Case Study: The New Course


Throughout this paper I will be working under the assumption that the problem in this situation lies with the mindset of George Tipton, the reason he will not consider any course proposals is not fiscal but rather personal and ego driven by his position as department chair. However, first I would take a step back and internalize the issue. In any profession you must understand that you need to communicate differently with various people and I would look at how I first presented the idea to Mr. Tipton. Ms. Garcia should enlist the help of her co-workers to gain insight into how best to approach Mr. Tipton with the suggestion. It would be reasonable to say that the majority of the faculty has worked with Mr. Tipton for a number of years, thus having much experience in how to work with him. According to Patrick Donadio, a business coach and professional speaker, “We need to know what the factors are for this person’s unwillingness to consider the new ideas.” Are his motivations financial or otherwise? From the Case Study it appears as though Mr. Tipton is basing his decision on personal opinion and bias, not judging the proposal based on the merits of the course. Mr. Tipton is not giving Ms. Garcia’s proposal a fair shake and I believe what it boils down to is this: Bad Leadership. When a leader doesn’t seem to seriously take new thoughts and ideas into consideration it leaves the company or in this case the school at a disadvantage. There is a great line from George Bernard Shaw, “progress is determined by the unreasonable man, the others just compromise”. I would consider possible motives for Mr. Tipton’s reluctance or flat out obstinance in this matter. Is he doing this just to be difficult? Out of fear? Some misplaced sense of self-preservation? Or perhaps Ms. Garcia just hasn’t found a way, as a young, new teacher to fly in “under his radar”. Assuming that Ms. Garcia wants to preserve and even strengthen her relationship with Mr. Tipton while simultaneously getting her point across she needs to find a basis of leverage. For example, according to Daniel Robin in “Making Workplaces Work Better”, if you know the person’s interests you’d have a way of reaching your goal without manipulating, controlling, badgering, or otherwise upsetting them. Knowing their agenda would empower you to make a request or to offer a potential solution in terms they would value. But then the dilemma becomes, how do you find out? According to Robin, just ask. Ask the person, as well as those around them, i.e. the Principal, the other faculty, and staff. I know that in class we discussed the use of “I” messages but do not believe they will work in this case because there has not been a rapport established yet between Ms. Garcia and Mr. Tipton. According to Scott Wertel in “Now It’s Your Turn”, prior establishment of rapport between the parties involved is essential for the use of “I” messages to be effective and given Mr. Tipton’s behavior in the history faculty meeting where he verbally assaulted Ms. Garcia and the two other younger faculty members the rapport and respect are not there.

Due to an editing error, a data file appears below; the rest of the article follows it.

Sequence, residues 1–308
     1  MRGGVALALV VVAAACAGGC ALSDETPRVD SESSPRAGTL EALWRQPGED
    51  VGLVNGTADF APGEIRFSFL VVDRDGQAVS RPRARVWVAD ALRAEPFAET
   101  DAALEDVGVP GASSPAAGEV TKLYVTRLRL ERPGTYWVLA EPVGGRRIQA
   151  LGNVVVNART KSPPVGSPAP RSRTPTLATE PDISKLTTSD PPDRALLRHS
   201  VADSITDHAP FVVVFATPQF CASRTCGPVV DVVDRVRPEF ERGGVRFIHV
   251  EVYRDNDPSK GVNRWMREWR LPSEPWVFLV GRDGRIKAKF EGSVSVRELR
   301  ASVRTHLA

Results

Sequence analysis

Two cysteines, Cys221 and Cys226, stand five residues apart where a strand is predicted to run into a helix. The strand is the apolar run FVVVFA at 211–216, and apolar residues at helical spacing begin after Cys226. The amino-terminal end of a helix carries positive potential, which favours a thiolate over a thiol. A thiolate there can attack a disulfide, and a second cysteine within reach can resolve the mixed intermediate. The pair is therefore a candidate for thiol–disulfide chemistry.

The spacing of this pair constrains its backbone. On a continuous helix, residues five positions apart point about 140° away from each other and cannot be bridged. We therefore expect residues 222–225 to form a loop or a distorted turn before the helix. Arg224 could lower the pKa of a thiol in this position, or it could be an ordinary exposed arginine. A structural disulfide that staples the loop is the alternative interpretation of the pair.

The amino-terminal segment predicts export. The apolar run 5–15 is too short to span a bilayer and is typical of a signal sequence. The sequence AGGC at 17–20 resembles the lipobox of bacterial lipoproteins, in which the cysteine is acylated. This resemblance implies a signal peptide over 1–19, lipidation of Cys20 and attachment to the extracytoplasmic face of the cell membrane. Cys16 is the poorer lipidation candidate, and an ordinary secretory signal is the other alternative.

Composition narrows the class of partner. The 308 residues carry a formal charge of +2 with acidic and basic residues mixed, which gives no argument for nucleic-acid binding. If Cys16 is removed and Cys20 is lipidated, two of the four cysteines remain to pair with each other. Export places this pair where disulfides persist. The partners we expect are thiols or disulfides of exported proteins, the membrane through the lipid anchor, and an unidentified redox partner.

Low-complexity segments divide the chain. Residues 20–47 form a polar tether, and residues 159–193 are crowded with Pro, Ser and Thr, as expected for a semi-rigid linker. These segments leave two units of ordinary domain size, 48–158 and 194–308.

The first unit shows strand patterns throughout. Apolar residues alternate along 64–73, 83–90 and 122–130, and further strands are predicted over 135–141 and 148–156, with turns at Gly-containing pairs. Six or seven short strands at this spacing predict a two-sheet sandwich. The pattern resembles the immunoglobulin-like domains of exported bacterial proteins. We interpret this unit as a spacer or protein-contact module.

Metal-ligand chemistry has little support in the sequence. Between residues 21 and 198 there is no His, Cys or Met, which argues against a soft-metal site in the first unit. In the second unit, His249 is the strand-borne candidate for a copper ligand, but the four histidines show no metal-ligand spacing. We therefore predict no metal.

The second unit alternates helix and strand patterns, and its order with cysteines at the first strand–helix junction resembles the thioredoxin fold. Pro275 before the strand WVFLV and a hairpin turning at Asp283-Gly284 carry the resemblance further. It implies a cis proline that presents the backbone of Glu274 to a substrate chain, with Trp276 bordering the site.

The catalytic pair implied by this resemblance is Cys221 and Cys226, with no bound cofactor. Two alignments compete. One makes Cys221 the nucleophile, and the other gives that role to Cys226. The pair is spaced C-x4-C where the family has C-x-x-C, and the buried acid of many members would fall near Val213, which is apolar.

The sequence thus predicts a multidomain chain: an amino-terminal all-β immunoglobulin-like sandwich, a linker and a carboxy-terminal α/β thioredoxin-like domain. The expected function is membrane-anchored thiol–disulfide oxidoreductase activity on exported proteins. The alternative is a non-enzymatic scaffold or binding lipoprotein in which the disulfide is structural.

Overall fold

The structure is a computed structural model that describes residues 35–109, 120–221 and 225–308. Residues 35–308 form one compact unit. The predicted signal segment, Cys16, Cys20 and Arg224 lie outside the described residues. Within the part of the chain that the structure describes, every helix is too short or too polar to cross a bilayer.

I believe that Mr. Tipton is from another era and set in his ways and afraid of change. The reason for his hostility toward the new, younger faculty is that he sees them like these kids coming in and changing things and he’s afraid of letting them and being left behind. With 20 years of service under his belt he has more than likely been at East longer than most, including the Principal, Mr. Harding and in that 20 years they’ve been running things pretty much the same way and he sees no reason to start changing things now. I believe that old saying “If it’s not broke, don’t try and fix it” applies here.

A portion of the blame for this situation lies with the Principal Mr. Harding. He has allowed this situation to continue. Mr. Tipton, Department Chair or not, should not be allowed to verbally abuse, attack or degrade any other member of the faculty. According to an HR workshop I attended directed by Ira